Commenting on the findings, Paul Davidson, president of Universities Canada, said: “Canadian researchers have the bold ideas that lead to big breakthroughs. And Canada’s curious minds need support in order to produce the results that will ensure a bright future for our country.

“These results show that Canadians are optimistic about Canada’s global leadership potential, and want to see support for the breakthroughs and innovation generated by university research.”

For Abacus, Anderson said the survey showed that “Canadians see our young people as a source of strength, and want to ensure they are given the opportunities to make the impact that they can, for themselves, the country, and the broader world too.”

Crucial time

Universities Canada said the findings came at a crucial time. The survey was published as MPs returned to the House of Commons for the autumn session of parliament and will add to the pressure for investment stemming from the recommendations of Canada’s Fundamental Science Review panel, chaired by David Naylor, professor of medicine at the University of Toronto.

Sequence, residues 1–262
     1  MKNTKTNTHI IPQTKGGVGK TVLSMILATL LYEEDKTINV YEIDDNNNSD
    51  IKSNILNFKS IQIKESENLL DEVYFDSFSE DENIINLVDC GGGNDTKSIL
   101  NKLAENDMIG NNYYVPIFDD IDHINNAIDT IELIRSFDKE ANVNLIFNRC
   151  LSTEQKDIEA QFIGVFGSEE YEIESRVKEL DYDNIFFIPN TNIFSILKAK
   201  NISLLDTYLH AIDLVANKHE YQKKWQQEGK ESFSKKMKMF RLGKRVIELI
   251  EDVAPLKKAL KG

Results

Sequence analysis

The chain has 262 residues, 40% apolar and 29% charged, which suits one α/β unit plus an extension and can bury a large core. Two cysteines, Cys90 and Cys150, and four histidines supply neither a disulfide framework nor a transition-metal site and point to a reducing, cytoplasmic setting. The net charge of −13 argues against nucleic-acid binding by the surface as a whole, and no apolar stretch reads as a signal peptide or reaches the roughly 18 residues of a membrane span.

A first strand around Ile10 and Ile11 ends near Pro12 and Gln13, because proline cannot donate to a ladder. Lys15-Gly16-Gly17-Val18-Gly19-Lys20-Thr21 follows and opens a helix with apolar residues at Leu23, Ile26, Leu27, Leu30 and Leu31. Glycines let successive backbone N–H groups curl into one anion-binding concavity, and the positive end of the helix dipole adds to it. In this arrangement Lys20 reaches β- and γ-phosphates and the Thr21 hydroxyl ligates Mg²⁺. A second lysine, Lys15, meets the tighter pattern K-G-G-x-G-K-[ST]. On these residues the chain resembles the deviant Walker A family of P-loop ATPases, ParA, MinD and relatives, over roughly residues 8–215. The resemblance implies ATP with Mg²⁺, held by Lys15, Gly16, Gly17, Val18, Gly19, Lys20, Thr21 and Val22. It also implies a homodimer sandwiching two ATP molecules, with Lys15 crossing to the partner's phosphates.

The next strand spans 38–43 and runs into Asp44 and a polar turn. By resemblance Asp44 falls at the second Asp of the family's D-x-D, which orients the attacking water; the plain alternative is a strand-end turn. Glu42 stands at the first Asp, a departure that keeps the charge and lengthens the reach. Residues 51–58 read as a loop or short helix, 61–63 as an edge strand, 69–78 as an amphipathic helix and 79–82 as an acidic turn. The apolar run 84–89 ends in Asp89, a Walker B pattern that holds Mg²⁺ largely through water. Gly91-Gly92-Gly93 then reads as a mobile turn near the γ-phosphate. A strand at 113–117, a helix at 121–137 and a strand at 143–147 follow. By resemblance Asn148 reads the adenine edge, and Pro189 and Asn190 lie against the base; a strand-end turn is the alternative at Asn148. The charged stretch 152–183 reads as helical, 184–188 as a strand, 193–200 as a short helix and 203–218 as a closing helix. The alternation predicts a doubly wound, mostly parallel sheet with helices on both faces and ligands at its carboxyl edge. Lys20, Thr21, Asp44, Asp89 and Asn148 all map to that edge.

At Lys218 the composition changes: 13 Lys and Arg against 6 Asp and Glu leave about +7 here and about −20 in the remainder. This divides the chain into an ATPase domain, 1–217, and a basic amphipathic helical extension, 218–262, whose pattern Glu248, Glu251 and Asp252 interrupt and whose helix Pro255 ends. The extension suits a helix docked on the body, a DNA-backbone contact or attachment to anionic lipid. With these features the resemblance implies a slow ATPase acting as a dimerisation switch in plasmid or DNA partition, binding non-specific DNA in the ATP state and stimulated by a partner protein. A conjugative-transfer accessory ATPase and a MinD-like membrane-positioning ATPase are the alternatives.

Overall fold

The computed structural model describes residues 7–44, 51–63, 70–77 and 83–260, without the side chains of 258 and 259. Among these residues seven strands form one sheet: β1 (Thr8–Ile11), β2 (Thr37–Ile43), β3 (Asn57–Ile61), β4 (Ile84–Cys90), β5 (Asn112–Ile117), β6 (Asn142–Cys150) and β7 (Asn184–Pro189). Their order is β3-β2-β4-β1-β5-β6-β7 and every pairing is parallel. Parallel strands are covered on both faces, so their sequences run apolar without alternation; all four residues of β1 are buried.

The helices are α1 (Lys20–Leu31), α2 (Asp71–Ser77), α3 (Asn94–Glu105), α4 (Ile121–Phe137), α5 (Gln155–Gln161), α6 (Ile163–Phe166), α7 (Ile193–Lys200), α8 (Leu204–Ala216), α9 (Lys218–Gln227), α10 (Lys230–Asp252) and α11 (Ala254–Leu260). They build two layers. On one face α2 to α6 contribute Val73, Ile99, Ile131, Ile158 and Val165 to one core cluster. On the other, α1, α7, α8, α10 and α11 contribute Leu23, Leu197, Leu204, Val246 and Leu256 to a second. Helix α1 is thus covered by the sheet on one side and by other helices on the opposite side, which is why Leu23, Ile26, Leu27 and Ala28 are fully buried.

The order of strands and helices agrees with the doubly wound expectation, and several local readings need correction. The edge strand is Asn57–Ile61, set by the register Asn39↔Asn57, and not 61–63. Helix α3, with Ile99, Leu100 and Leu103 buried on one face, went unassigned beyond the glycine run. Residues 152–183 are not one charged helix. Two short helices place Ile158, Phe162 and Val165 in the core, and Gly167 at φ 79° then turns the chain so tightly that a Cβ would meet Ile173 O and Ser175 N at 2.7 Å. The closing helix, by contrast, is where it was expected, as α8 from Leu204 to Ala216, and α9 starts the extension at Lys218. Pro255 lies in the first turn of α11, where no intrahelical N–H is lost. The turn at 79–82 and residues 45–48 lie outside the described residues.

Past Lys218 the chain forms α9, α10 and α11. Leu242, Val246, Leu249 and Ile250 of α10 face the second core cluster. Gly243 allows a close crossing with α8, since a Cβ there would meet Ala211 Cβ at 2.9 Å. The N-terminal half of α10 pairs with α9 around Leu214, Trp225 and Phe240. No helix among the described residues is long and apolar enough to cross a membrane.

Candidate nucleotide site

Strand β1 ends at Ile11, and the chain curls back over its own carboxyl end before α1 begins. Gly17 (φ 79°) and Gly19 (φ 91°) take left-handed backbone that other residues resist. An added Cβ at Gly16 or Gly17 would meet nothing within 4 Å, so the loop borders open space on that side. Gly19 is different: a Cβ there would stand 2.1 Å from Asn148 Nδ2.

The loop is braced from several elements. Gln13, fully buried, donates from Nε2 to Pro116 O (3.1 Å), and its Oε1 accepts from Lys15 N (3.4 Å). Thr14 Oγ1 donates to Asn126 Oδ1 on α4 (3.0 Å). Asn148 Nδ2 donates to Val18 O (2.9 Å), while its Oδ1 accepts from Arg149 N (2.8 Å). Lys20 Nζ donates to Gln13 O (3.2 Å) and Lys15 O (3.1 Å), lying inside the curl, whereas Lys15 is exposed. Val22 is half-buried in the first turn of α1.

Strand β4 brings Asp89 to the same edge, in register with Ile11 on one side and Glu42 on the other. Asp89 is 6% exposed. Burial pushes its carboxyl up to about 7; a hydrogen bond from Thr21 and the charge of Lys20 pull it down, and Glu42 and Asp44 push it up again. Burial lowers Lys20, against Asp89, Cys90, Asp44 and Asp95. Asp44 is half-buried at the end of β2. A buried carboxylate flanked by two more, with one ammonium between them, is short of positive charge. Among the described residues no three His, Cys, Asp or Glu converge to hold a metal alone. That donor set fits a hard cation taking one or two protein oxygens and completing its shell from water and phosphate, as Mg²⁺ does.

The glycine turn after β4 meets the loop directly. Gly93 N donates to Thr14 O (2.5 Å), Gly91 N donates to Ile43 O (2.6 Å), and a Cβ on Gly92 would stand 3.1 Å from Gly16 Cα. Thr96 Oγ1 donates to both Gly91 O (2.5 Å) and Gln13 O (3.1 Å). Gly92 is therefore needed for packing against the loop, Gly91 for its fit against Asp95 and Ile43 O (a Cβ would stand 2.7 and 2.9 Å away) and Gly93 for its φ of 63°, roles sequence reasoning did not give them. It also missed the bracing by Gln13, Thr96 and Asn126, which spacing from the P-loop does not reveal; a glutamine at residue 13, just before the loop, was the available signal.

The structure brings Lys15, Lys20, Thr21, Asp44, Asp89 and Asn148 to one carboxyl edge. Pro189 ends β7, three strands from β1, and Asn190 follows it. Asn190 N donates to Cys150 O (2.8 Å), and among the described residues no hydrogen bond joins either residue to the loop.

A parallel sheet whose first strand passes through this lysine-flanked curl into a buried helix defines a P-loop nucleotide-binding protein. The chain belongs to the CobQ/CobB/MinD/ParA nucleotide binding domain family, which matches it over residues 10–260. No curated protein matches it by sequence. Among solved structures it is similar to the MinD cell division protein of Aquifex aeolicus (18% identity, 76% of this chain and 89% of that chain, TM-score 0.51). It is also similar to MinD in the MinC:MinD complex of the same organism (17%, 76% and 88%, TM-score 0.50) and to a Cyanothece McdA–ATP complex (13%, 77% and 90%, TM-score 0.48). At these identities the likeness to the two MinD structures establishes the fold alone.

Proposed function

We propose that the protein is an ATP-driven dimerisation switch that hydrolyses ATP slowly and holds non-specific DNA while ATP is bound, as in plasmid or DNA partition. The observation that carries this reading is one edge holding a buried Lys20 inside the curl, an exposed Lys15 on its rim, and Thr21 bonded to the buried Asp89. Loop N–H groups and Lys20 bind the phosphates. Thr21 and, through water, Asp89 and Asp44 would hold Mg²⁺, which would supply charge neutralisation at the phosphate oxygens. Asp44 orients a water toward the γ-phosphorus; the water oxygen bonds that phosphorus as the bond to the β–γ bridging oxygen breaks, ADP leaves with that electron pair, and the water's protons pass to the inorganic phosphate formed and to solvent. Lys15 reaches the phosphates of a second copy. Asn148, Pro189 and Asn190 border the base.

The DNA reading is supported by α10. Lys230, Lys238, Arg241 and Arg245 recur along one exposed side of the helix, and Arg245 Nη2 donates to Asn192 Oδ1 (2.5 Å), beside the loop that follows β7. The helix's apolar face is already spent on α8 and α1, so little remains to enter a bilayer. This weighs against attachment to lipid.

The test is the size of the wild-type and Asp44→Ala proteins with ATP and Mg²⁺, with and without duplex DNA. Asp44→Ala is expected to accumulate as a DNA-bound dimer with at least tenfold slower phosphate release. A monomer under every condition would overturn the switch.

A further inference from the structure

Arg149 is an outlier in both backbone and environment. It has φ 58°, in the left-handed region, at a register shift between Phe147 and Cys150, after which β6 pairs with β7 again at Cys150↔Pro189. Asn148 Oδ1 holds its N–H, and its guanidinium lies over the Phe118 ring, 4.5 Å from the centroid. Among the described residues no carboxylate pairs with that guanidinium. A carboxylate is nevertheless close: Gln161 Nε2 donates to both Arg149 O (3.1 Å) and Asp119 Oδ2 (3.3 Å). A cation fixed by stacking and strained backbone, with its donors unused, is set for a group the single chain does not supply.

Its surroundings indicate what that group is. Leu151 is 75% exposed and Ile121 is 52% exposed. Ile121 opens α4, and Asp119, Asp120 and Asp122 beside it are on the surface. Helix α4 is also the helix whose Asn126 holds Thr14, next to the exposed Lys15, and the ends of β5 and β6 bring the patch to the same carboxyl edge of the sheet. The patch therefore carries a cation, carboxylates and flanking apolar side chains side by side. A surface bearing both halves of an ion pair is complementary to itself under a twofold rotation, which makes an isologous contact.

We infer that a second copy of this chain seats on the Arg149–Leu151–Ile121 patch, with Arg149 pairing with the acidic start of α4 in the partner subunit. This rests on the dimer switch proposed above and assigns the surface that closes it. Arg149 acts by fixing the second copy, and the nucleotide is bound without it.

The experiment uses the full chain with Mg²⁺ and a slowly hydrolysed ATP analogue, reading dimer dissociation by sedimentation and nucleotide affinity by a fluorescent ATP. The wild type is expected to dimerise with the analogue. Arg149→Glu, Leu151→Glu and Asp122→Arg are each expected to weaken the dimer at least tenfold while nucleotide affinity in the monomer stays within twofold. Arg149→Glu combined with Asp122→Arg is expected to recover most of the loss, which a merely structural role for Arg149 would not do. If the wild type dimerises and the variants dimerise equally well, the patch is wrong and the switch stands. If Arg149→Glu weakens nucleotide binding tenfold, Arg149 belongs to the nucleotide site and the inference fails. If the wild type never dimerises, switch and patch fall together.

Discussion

The panel released its report – known as the Naylor report – in April 2017, recommending major reinvestment in a stronger research and innovation ecosystem for Canada. Canada’s research community has been vocal in their support for these recommendations.

The Naylor panel recommended that “significant reinvestment” should be targeted at:
  • • Investigator-led research operating grants (the highest priority);
  • • Enhanced personnel supports for researchers and trainees at different career stages;
  • • Infrastructure-related operating costs for small equipment and ‘big science’ facilities; and
  • • Enhancement of the environment for science and scholarship by improved coverage of the institutional costs of research.